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Cerone v. Reliance Standard Life Insurance Co.

United States District Court, Ninth Circuit

December 13, 2013

DEBRA CERONE, Plaintiff,


DAVID H. BARTICK, Magistrate Judge.

On November 26, 2013, the parties filed a Joint Motion for Determination of Discovery Dispute. (ECF No. 24.) After reviewing the Joint Motion, the Court hereby GRANTS in part, and DENIES in part, Plaintiff's request to compel, as outlined below.


Plaintiff brings this action under the Employee Retirement Income Security Act of 1974, as amended, 29 U.S.C. § 1001, et seq. ("ERISA"). Plaintiff's husband, Donald Cerone, was insured under an employer sponsored plan issued by Defendant Reliance Standard Life Insurance Company. On August 8, 2011, Mr. Cerone was fatally injured in a single vehicle accident after he left the Pala Casino, where he was observed drinking three martinis. Plaintiff made a claim for benefits under the policy. Defendant paid $250, 000 in basic death benefits, but denied accidental death benefits. The denial was based on the following exclusion in the policy:

"A benefit will not be payable for a loss:... (6) to which the insured's acute or chronic alcohol intoxication is a contributing factor; or (7) to which the insured's voluntary consumption of an illegal or controlled substance or non prescribed narcotic or drug is a contributing factor."

Plaintiff now seeks a judicial determination that she is entitled to accidental death benefits under the plan.

On September 12, 2013, Plaintiff propounded interrogatories and requests for production on Defendant. (ECF No. 24-1 at 1.) Defendant responded to the discovery requests on October 11, 2013, and objected to several of Plaintiff's requests. ( Id. ) After meeting and conferring regarding the disputed requests, the parties reached an impasse, and filed the instant Joint Motion for Determination of Discovery Dispute. Plaintiff seeks to compel further responses to Interrogatories Numbers 14 through 19, and Request For Production Number 7. Plaintiff argues the requested discovery is necessary to assess Defendant's conflict of interest. Defendant counters the requests exceed the permissible scope of ERISA discovery and are unduly burdensome and oppressive.


1. Legal Standard

Under Rule 26(b)(1), parties may obtain discovery of "any non privileged matter that is relevant to any party's claim or defense." Fed.R.Civ.P. 26(b)(1). "Relevant information need not be admissible at the trial if the discovery appears reasonably calculated to lead to the discovery of admissible evidence." Id. However, the Court must limit discovery if it determines that "the burden or expense of the proposed discovery outweighs its likely benefit, considering the needs of the case, the amount in controversy, the parties' resources, the importance of the issues at stake in the action, and the importance of the discovery in resolving the issues." Fed.R.Civ.P. 26(b)(2)(C)(iii). "The party who resists discovery has the burden to show discovery should not be allowed, and has the burden of clarifying, explaining, and supporting its objections." Duran v. Cisco Sys., Inc., 258 F.R.D. 375, 378 (C.D. Cal. 2009) (citing Blankenship v. Hearst Corp., 519 F.2d 418, 429 (9th Cir. 1975); Sullivan v. Prudential Ins. Co. of Am., 233 F.R.D. 573, 575 (C.D. Cal. 2005)).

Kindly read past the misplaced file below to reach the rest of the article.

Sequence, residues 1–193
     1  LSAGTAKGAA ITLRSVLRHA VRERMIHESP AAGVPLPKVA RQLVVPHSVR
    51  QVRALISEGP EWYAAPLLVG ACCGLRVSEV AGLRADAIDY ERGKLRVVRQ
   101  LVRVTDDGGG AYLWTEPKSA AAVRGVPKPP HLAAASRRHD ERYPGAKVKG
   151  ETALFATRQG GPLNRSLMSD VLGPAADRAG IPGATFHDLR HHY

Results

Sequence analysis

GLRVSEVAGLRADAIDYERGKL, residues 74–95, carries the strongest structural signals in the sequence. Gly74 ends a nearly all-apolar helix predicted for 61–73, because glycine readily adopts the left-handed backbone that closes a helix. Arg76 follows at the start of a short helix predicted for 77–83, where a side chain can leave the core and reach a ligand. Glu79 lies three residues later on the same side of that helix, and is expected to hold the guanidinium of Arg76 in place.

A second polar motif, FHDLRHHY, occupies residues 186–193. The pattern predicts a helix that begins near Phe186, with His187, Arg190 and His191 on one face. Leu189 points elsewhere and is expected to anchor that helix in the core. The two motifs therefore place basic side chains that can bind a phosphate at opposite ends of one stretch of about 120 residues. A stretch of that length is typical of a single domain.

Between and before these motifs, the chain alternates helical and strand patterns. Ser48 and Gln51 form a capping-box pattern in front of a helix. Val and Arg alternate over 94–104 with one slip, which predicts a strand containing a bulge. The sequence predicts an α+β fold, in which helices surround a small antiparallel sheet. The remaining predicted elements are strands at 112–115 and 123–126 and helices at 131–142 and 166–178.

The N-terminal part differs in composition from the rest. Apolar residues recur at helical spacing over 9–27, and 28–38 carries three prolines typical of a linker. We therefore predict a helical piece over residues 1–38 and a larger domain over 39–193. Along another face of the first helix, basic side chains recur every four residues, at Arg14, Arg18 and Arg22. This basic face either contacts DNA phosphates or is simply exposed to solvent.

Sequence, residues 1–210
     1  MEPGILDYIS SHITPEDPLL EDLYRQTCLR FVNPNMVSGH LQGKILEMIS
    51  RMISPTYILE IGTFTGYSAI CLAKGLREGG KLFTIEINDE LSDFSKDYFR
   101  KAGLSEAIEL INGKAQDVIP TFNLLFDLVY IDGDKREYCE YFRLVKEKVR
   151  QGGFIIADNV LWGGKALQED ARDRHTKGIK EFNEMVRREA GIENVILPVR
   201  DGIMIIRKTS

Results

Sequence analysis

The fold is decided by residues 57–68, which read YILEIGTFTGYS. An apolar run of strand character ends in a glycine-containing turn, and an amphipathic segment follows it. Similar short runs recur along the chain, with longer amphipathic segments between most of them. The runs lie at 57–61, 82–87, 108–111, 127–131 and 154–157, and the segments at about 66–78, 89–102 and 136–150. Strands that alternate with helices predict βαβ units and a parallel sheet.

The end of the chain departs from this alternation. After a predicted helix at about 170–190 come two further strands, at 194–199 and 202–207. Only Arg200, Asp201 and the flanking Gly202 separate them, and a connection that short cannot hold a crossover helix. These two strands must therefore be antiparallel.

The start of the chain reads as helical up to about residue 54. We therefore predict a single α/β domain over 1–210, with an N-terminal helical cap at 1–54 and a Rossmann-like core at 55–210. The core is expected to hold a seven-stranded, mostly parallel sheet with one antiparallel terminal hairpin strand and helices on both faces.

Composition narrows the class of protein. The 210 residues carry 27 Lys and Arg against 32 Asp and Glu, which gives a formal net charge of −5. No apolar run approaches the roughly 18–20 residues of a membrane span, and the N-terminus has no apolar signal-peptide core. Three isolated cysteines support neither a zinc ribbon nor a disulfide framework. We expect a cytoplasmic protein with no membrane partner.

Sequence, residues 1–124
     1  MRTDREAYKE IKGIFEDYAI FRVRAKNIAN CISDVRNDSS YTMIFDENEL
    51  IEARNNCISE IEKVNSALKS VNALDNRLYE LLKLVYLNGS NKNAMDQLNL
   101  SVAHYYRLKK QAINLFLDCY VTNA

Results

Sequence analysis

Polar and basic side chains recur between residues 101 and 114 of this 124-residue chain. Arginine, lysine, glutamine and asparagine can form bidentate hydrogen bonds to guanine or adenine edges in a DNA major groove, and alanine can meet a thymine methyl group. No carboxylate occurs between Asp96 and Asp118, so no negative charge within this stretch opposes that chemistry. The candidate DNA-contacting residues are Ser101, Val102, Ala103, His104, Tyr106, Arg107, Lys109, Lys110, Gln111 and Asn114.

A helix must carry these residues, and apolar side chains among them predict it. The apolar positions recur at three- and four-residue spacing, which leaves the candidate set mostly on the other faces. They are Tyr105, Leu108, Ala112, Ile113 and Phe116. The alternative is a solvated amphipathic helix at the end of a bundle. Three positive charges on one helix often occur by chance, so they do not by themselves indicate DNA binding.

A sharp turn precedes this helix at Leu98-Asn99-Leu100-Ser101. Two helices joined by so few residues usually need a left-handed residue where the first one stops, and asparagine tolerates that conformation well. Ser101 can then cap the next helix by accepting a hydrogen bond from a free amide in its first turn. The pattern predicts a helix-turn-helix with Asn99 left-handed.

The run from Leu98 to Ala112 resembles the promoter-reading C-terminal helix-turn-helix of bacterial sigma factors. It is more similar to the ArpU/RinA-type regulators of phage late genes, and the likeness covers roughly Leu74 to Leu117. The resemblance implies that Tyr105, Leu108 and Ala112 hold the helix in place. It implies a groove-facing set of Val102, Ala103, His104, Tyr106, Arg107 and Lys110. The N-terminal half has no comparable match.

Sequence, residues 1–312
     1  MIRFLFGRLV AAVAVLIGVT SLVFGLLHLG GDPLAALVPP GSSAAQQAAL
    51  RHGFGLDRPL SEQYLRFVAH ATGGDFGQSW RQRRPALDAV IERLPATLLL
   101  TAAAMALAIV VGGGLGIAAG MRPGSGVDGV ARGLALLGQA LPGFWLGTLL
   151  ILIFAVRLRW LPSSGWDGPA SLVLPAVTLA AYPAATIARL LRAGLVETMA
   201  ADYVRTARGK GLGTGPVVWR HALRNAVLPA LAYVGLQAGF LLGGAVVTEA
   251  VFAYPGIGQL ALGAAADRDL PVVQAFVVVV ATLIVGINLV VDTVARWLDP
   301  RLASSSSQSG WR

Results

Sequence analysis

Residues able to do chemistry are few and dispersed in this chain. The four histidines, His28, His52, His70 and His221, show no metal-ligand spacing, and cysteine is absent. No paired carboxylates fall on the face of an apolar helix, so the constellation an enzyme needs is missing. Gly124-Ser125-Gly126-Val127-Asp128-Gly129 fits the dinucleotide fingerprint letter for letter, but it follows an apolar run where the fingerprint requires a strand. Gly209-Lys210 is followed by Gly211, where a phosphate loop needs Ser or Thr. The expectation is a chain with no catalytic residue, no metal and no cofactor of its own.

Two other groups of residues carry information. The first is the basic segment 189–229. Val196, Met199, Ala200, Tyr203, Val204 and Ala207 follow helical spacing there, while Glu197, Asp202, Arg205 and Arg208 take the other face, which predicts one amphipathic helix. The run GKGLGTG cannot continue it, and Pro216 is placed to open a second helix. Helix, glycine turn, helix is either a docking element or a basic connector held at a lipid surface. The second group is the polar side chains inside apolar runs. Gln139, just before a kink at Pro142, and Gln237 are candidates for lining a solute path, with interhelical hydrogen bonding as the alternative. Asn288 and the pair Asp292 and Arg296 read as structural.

Generally, discovery is disfavored in ERISA actions. Abatie v. Alta Health & Life Ins. Co., 458 F.3d 955, 970 (9th Cir. 2006) ("[A] district court may review only the administrative record when considering whether the plan administrator abused its discretion."). This is because a primary goal of ERISA is "to provide a method for workers and beneficiaries to resolve disputes over benefits inexpensively and expeditiously." Boyd v. Bert Bell/Pete Rozelle NFL Players Ret. Plan, 410 F.3d 1173, 1178 (9th Cir. 2005). However, if there is a structural conflict of interest, the court may consider evidence outside the record to determine if the plan administrator's denial was affected by the conflict. Abatie, 458 F.3d at 970; Metropolitan Life Ins. Co. v. Glenn, 554 U.S. 105, 112 (2008) (holding that when a plan administrator is operating under a structural conflict of interest, that conflict must be weighed as a factor in determining whether there was an abuse of discretion). A structural conflict of interest occurs when the insurer acts as "both the plan administrator and the funding source for benefits." Abatie, 458 F.3d at 965.